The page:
The current New Scientist contains an article Our Asian Origins by Colin Barras which suggests that our ancestors might have moved from Africa to Asian and then moved back again and illustrates it with a modified classic human family tree – when evidence is rapidly accumulating that such a view is over-simplistic.
|A typical classic human family tree|
with no cousin links.
From The Quest for Human Origins
In order to understand human evolution we need to get a grip on the mechanisms – and to realise that we will never have more that a fraction of a millionth of the information we would need to get a complete picture, and the fragments of bones we find represent only some of the environments our early ancestors lived, with some environments being totally unrepresentative. Remains from different places with different features and from different dates are given different species names – but this does not automatically mean that the living creatures could not have interbred, had it been possible for them to meet.
We need to realise that every step in the human family tree will involve couples who are cousins (or closer) - although in some cases the cousin relationship could span many generations. Some years ago I did a calculation to show that every English person is virtually certain to be descended from everyone who was living in England in 1066 – so all the English are cousins if you go back about 40 generations. The current races of mankind go back perhaps 2000 generations and despite differences are definitely members of the same species. Our Neanderthal and Denisovan cousins represent perhaps 20-40 thousand generations. Our great ape common ancestors are perhaps 500 thousand generations back. We know that our ancestors interbred with the Neanderthals and Denisovans – which suggests that groups that became separated can interbreed successfully when separated by many 10s of thousands of generations.
But evolution can changes species quite faster than that in selected directions – for instance adult lactose tolerance in races which drink animal milk evolved in less than 200 generations. Other features such as the number of vertebra in the neck have remained the same over millions of generations. So what would happen if two groups separated for a long period meet and interbred. For instance during a 500,000 year separation a tool-making group could have evolved more dexterous hands, while the pursuit hunting group might be able to run upright faster. Some of their children would have the benefit of both more useful hands and greater mobility and hence have a big advantages in the survival stakes. The differences might be such that scientists later finding bone fragments assign a new species name, especially if the new remains were incomplete and not in the home territories of either of the parental groups.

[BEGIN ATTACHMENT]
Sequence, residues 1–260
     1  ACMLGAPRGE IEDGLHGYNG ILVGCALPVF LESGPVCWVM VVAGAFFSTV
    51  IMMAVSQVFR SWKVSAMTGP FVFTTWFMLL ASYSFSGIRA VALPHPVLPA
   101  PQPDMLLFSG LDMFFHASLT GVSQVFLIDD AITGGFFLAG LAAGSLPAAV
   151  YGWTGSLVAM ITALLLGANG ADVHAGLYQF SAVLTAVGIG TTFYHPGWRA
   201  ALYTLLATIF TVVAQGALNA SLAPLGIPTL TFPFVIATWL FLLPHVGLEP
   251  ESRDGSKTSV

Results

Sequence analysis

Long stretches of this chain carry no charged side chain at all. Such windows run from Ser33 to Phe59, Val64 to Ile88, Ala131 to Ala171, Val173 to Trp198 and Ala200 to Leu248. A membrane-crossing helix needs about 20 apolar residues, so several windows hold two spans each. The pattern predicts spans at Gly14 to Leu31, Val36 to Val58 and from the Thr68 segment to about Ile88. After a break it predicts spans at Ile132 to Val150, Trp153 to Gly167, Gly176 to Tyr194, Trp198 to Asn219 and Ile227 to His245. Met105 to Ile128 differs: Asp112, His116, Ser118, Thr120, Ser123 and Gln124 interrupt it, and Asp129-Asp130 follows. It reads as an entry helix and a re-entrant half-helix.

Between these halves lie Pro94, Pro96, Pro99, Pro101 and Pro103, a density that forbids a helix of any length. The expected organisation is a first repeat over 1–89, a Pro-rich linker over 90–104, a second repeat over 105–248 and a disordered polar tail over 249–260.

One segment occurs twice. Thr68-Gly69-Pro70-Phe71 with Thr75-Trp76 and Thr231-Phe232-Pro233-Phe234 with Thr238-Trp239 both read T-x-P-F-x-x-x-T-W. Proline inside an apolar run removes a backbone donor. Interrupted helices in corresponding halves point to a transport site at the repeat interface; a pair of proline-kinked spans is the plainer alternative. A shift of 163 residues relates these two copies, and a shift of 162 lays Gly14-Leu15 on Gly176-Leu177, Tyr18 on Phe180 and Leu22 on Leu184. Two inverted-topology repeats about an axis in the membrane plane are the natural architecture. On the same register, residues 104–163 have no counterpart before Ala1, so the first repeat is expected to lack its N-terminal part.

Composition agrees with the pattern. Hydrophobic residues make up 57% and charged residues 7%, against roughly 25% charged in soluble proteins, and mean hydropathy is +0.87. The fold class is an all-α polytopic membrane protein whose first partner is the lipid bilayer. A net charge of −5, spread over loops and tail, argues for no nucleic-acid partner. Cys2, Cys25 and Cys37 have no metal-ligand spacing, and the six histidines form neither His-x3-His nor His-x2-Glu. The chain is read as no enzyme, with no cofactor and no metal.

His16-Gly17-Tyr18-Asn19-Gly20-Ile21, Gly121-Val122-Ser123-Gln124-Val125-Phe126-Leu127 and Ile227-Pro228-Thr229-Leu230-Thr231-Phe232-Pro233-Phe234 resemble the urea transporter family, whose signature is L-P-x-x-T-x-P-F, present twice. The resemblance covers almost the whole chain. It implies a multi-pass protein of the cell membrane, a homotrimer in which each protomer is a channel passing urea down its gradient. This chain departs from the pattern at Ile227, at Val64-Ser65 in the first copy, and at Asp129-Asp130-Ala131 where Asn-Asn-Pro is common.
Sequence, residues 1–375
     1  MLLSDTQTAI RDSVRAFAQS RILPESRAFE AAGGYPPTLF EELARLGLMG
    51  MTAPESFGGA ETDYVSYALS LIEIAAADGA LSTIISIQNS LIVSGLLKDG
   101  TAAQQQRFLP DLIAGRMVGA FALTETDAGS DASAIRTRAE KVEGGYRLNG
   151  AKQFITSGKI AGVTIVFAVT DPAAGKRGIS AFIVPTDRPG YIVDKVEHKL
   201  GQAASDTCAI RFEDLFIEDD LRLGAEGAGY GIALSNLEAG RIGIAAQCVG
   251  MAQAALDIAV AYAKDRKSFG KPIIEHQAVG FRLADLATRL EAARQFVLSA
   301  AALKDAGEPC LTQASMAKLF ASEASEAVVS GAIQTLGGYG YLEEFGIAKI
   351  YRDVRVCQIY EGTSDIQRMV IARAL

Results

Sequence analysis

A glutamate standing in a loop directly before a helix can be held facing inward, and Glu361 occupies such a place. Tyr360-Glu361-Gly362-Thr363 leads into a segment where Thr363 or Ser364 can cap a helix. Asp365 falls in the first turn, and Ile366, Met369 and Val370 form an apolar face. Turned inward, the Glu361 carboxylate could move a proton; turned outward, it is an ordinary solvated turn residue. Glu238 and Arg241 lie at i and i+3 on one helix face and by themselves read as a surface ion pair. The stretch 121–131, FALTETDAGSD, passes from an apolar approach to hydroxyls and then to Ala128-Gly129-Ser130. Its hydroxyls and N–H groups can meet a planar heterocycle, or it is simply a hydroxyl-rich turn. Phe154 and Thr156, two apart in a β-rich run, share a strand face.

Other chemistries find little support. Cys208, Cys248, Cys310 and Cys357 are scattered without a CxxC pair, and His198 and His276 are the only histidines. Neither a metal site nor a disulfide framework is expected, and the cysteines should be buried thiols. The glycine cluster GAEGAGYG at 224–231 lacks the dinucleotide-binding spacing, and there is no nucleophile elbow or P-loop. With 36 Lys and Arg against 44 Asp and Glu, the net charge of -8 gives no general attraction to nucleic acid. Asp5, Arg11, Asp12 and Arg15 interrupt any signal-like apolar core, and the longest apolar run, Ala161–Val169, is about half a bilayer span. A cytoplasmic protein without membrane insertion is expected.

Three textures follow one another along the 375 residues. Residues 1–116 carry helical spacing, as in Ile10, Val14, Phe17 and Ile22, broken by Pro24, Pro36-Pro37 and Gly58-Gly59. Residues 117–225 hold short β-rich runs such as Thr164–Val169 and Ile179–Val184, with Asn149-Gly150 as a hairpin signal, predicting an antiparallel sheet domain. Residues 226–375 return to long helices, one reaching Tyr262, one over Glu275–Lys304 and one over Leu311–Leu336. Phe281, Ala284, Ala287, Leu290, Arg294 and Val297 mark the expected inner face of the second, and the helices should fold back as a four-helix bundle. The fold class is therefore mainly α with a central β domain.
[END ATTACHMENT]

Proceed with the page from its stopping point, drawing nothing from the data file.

I have earlier looked at the evolutionary pressures on the African Plains and it is likely that our early ancestors split into groups by developing cultures resulting to different types of environments and food sources. (A similar effect can be seen with animals with a complex social structure such as orca which uses very different hunting techniques in different parts of the world adapted to different prey.) Evolution will tend to select not only at the individual animal level, but also at the group level, favouring groups which are best at exploiting their environment, and changing when the environment changes. Some groups may have been, on occasions, more mobile, and some undoubtedly moved out of Africa into Asia and Europe, and many generations later moved back, and interbred with their distant cousins.
While it is clear that many groups will have evolved in such a way that they definitely represented different non-interbreeding species, there may soon be sufficient evidence to allow future evolutionary human family trees to show splits and reunions – with the different branches contributing in different ways to Home sapiens.